Loss is the act of losing someone or something. Grief is the feeling of intense sadness that results from experiencing such a loss. Although experiencing the death of a person is the most common cause of grief, there are many other causes such as the following;

• Divorce or end of a long-term relationship.
• Infertility or miscarriage.
• Loss of work, or retirement.
• If your pet dies or get missing
• Loosing a close friend
• Loss of health – either yours or that of someone close to you.
• When you lose your possession or dream.

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Grief is a natural way of processing loss and coming to terms with it. This could take weeks or years, but grief does decrease over time as acceptance takes place. If someone’s grief is severe and intensifies over time; it could be a sign of the emergence of depression after the event or, if the loss was as a result of a shared traumatic event, post-traumatic stress disorder.

One person’s grief may not be the same as someone else’s experience as we are different people. Our backgrounds and cultures will impact our perception of grief, and personal religious beliefs may also play a part.

Symptoms of Grief

There are many symptoms of grief. These can be grouped into four categories of expression such as;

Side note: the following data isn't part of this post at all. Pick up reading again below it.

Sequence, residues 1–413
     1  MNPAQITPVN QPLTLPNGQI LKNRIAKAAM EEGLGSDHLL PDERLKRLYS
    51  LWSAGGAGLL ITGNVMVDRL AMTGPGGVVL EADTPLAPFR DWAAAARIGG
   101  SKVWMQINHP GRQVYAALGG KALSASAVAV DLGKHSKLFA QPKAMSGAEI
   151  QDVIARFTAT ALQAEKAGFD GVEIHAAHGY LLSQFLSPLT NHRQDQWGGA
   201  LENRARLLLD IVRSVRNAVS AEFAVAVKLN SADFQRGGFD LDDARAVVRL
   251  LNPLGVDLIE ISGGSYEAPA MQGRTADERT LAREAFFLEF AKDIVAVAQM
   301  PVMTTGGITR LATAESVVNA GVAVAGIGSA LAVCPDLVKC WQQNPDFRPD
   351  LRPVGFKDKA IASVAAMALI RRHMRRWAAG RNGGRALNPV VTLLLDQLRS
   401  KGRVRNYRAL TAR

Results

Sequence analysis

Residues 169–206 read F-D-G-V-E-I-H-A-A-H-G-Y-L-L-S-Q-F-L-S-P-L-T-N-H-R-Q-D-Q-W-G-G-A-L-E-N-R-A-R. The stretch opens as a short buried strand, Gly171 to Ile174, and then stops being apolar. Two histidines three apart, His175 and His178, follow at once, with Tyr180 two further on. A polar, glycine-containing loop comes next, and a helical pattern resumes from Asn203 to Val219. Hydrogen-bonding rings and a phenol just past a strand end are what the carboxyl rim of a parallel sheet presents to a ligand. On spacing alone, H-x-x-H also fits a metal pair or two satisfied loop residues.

1. Physical: Crying, loss of appetite, overeating, inability to concentrate, panic attacks, tiredness, insomnia, headaches or other types of pain.
2. Emotional: Anger, blame, frustration and guilt.
3. Social: Isolating oneself from social interactions, inappropriate behavior in social settings, poor grooming, and decreased personal hygiene.
4. Spiritual: Questioning of life based on your beliefs, i.e. what is the purpose of life; what happens to someone after they die; why did something bad happen to a good person; are we meant to learn something from suffering?

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Five Stages of Grief

Elisabeth Kubler-Ross, a psychiatrist, described five stages of grief in a book that she co-authored with David Kessler, a death, and grieving expert. It is important to note that a person may not experience all the stages or even the sequence in which they are listed. Some stages may even recur during the process.

The stages are:

1. Denial
This stage is characterized by thoughts such as: “This isn’t happening”, “There must be some mistake”, “This is a nasty joke.” The reality of the event hasn’t sunk in yet.

2. Anger
When denial is fruitless and reality is faced, there is an anger that is either directed at the self or towards other people. For example, “I told her not to do that”, “Why me”, “Who is to blame”, “I knew I should have done things differently”.

3. Bargaining
Some people feel that they might reverse the event by contemplating a trade-off, such as “If I give up smoking, he’ll come back to me” or “If I start living a vegan lifestyle the disease will go away” or “If I start going to church she’ll forgive me”.

4. Depression
After someone’s death, the survivor – e.g. a partner or parent – may lose the will to live. Another person facing a serious medical diagnosis might not want surgery or treatment, thinking that they’re eventually going to die “So why fight now?”. These negative emotions will increase if not treated.